EMIS ReportDesign-Prelim 2020sep11 - Flipbook - Page 5
Monthly Data Analytics
Energy Information System
• Interval Meter Data Analytics
• Advanced M&V
(Measurement and Verification)
FIGURE ES-1: Data inputs and key capabilities of EMIS
Fault Detection and Diagnostics
Automated System Optimization
The Smart Energy Analytics Campaign was conceived
as an opportunity to assess the costs, benefits, and
common practices of EMIS when deployed at scale
across a wide array of building types and sizes.
Subhead Goes Here
The Campaign coupled technical assistance
with qualitative and quantitative data collection.
Participants are encouraged to share their progress
and may receive national recognition. After three years
in operation, the Campaign included 104 commercial
organizations across the United States, totaling 567
million square feet of gross floor area and more than
6,500 buildings, making this the most comprehensive
dataset available on analytics installation and use. The
dataset includes nine different market sectors (with
office and higher education accounting for 80 percent
of participants), and with a wide range of portfolio
sizes. This report presents a characterization of EMIS
costs and benefits, MBCx services, and trends in the
industry based on data from these organizations.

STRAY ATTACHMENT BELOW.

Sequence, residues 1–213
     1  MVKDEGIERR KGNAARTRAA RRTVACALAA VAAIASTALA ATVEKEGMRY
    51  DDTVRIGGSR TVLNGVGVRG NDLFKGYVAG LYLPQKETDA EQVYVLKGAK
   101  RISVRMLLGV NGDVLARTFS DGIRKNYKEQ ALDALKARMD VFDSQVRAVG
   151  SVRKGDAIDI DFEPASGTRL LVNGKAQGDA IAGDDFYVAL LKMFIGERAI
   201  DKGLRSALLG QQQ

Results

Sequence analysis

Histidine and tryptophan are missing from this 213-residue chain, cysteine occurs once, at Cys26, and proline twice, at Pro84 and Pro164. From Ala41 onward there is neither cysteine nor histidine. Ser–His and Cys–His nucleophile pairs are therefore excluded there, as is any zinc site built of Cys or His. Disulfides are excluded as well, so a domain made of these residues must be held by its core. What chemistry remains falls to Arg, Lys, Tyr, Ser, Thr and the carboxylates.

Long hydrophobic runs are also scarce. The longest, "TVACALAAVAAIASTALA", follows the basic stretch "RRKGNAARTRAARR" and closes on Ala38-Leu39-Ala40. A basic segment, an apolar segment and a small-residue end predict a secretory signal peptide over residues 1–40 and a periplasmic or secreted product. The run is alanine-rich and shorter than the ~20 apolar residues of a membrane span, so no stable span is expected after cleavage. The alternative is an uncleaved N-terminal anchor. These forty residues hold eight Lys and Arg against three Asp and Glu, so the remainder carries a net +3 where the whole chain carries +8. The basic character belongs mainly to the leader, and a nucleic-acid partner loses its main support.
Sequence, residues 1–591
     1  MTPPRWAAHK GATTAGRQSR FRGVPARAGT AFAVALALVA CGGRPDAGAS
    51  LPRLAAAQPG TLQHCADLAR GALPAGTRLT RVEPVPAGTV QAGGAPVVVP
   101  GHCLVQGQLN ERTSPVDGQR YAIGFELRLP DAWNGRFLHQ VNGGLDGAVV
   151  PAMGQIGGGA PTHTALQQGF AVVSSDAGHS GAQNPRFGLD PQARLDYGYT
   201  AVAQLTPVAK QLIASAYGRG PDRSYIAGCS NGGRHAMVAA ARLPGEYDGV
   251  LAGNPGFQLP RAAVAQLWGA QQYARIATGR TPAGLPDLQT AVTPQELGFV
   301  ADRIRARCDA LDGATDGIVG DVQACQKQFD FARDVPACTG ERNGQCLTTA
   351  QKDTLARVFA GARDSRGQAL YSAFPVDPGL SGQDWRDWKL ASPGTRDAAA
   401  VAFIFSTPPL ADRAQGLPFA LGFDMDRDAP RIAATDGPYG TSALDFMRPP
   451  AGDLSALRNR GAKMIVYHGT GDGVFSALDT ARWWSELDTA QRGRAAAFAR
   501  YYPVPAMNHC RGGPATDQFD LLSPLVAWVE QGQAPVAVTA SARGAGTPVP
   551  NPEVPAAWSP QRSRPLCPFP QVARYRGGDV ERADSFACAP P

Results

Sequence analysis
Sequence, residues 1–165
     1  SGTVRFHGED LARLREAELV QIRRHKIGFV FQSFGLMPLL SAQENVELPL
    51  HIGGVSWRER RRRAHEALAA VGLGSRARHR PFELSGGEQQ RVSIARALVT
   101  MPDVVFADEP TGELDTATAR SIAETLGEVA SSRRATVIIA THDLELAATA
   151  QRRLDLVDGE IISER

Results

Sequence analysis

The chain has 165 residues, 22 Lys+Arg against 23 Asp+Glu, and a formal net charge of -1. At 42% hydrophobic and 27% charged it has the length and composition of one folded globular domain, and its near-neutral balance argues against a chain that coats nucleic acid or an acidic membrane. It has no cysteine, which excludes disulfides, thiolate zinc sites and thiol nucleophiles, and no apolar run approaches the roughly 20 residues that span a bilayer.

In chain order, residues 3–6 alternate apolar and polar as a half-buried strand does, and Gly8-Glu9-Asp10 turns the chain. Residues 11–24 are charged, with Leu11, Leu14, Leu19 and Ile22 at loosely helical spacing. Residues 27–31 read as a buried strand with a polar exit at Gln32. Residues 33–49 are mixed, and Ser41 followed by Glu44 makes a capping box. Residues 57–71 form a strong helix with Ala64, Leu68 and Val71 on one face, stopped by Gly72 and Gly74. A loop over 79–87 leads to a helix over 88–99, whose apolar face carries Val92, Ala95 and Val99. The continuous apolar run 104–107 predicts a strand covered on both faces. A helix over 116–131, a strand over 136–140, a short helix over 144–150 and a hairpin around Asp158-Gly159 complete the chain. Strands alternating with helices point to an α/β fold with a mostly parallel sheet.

By the second year of installation, study participants
with energy information systems1 (EIS) achieved a
median annual energy savings of 3 percent ($0.03/sq
ft) and participants with fault detection and diagnostic
tools2 (FDD) achieved a median savings of 9 percent
($0.24/sq ft).3 Applied across the organizations
participating in the Smart Energy Analytics Campaign,
Energy information systems (EIS) are the software, data acquisition hardware, and communication systems used to store, analyze, and
display building energy data.
Fault detection and diagnostic (FDD) tools are the software that automates the process of detecting faults and suboptimal performance of
building systems and helps to diagnose their potential causes.
Energy savings reported from sites with at least two years of EMIS implementation. The median savings are determined by comparing
energy data from the second year after EMIS implementation with the baseline year before the EMIS was installed.
Berkeley Lab | Proving the Business Case for Building Analytics